Frugality was supposed to be an ongoing theme with my blog, but has recently gotten tossed by the wayside because of big ticket ingredients like the spareribs and leg of lamb. And wow, my monthly grocery budget has reflected that. So for this meal I wanted to get back to the cheap. Which I totally did.
By using food I already in my cupboards and making the most out of sales (I love you, circular) and coupons, #42 cost less than $10.
Here is the breakdown of ingredients and cost:
I also had the following FREE items–bread (which came from the underground bread trading ring), ground turkey (from previous BOGO), and brownie mix (from the buy 2 get 3 free Duncan Hines super-duper sale).
These are the items that I purchased at Safeway specifically for #42:
- Zucchini on sale for $1/lb. 2.2 lbs = $2.20
- Parsley $1.29/bunch = $1.29
- Bag of salad mix on sale for $1/bag = $1.00
- Bulk carrots $.79/lb for .39 lbs = $.31
- Red onion $1/lb for .66 lbs = $.66
- 2 cans tomato soup at $.79/can = $1.58
- 2 vanilla ice cream cups $.59/cup = $1.18
- Whipped topping 1 tub = $1.50
For a grand total of $9.72!!!!
And that’s especially impressive because I have gotten a dinner for 2 out of it, a lunch for me and I froze 2 more servings of the stuffed zucchini. Also there were the extra meatballs that went into a sauce was used for 3 more servings. (I might even have some extra sauce that I froze. I can’t remember. I cooked this a while ago. But I digress). So with what I bought specifically for #42, I got at least 8 servings for under $10. Call me the Frugal Gourmet. Or not. Things got bad for the Frugal Gourmet at the end.
And now my timeline (keep in mind that I made the brownie pie and carrots the day before–but more on that later on).
6:00: turned on the oven and put the water on to boil.
6:25: once the water was boiling I put the zucchini into the water for 10 minutes. In the meantime I chopped the parsley and onion and grated the cheese.
6:35: I placed the zucchini in a colander to cool down.
6:40: I cut the zucchini in half and put them in cold water to cool even further. I also put the slices of bread into milk (instead of water) to soak.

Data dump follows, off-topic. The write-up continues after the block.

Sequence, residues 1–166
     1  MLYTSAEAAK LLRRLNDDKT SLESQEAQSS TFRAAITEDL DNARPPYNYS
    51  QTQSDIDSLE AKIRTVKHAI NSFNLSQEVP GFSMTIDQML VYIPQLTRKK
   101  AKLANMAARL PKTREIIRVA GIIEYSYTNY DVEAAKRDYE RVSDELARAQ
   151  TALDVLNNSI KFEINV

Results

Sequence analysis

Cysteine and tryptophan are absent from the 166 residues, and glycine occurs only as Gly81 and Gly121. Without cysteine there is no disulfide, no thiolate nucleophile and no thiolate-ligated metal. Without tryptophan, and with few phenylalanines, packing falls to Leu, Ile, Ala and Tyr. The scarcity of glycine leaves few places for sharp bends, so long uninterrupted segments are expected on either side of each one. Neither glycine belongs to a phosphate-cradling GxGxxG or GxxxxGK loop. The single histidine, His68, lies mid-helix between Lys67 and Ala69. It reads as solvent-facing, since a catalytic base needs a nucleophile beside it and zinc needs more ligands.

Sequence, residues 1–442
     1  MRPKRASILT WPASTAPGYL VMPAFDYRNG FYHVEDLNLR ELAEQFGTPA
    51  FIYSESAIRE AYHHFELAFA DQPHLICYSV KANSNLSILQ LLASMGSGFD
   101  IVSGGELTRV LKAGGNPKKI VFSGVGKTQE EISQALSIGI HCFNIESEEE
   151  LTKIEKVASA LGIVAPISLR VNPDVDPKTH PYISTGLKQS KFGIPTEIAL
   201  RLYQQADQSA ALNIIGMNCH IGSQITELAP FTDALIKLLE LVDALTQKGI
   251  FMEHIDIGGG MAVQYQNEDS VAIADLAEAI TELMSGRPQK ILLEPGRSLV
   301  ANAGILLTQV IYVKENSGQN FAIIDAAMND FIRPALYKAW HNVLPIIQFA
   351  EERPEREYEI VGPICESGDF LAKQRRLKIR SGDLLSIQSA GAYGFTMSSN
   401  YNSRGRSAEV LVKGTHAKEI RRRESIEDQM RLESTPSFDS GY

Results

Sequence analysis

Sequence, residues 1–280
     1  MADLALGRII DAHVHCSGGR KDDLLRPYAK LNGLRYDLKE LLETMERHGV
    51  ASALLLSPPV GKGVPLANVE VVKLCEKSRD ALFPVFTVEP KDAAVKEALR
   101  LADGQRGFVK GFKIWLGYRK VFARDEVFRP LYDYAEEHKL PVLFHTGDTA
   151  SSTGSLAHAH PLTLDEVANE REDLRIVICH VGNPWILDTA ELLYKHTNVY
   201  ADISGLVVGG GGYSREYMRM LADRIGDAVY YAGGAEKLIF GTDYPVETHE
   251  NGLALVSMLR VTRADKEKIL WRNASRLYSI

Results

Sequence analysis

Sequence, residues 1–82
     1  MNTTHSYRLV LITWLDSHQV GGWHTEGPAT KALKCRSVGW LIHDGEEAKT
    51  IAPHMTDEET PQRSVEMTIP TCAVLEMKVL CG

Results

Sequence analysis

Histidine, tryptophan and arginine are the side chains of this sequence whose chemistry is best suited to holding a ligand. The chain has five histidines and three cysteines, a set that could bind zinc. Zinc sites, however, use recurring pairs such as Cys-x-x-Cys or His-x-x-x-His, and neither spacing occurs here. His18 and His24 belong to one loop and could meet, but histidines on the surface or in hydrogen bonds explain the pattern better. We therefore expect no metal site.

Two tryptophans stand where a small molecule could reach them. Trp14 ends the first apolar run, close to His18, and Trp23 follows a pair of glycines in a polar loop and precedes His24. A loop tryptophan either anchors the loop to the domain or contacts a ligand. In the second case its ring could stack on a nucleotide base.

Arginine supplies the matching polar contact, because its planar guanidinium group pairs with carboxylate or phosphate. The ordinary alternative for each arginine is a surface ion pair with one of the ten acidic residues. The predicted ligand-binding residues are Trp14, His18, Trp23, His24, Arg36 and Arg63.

6:48: I used a spoon to carve out the center of each zucchini half and then placed the halves on a rack upside down to drain.
While the zucchinis were settling I chopped the zucchini pulp and combined all of the filling ingredients (I want to note that #42 states explicitly season to taste. And thank the Lord that it did because this was going to be a really bland filling if I didn’t augment it with some extra flavor. I went the Italian route and added oregano, basil, garlic salt, and black pepper).
I filled the halves with the meat mixture, formed the extra meatballs, and covered the zucchini with the tomato soup/water mix.
7:09: The zucchini was in the oven and baking. I had a bit of time here to spare so I cleaned all of the kitchen items used in the prep of #42.
7:40: I put on a pot of water to boil for my Orzo, which, according to the box, takes 9 minutes to cook. At this point there were 15 minutes left on the timer for the zucchini.
7:45: I decided to bump up the temperature of the oven with 10 minutes left. I wanted to make sure that the turkey was thoroughly cooked.
7:53: With 3 minutes left on the timer, I amp up the oven even more. I wanted it to brown a bit. Just a smidge before 8pm, the water came to a boil and I dumped in the Orzo.
8:08: The Orzo is done, drained, and I can plate.
8:15: DINNER IS SERVED!
I don’t think that this was one of my better photographs. That sauce is pretty sad looking, and my brownie ‘pie’ is unadorned. I got pretty close with the tablecloth, though.
So, onto my review of #42:
This was okay. I had never done a stuffed zucchini before so I don’t know if this one was particularly good or bad. But I do know that I prefer a stuffed pepper or stuffed cabbage. Zucchini is so bland and the filling was (as directed in the recipe) so bland, and the sauce was bland, and it was on tiny bits of bland pasta…wow, I’m making this sound horrible. It wasn’t horrible. Just not the best work that Dinner is Served! (and me) has done.
I don’t think the meatballs turned out poorly. They have been good in tomato sauce on pasta in the meals I have made post-#42.
First things first, the brownie pie was just brownie mix baked in a pie pan. I am sure that there are Brownie Pie a la Mode recipes out there, but I did the easiest thing and plopped vanilla ice cream and whipped topping on a big, round brownie.
More interesting were the carrots…these were a tasty little surprise. I did a search for marinated carrots and came across this recipe for Easy Pickled Carrots. Easy is the key word there. I had all of the ingredients (carrots aside) in my cupboards and I had a mason jar from some locally produced peach chutney that I purchased through Arganica.
My only modifications: cutting the recipe in half and julienning the carrots. #42 did specify Julienne carrots, after all. So I used one of the best kitchen inventions ever: the Julienne peeler. Oh, and I opted for the dill instead of anise or fennel, because I had dried dill on my spice rack.
Anyway, I made honest to god pickles And they were pretty good. In the future I think I would add some heat to the carrots and make them more akin to a Chinese pickle, but they turned out well in this application and they were pretty to boot.
I think I might try pickling some other vegetables (when on special, of course) using this same recipe. And to make it diet-friendly and zero points (for all you WW aficionados out there), you could substitute Splenda or Activia (no, that’s the Jamie Lee Curtis yogurt) or Salvia (no, that’s what Hannah Montana smoked in a bong). OH! Truvia–is that right? Whatever. I’ll probably still use sugar because it’s already in my kitchen.
I like it on the cheap.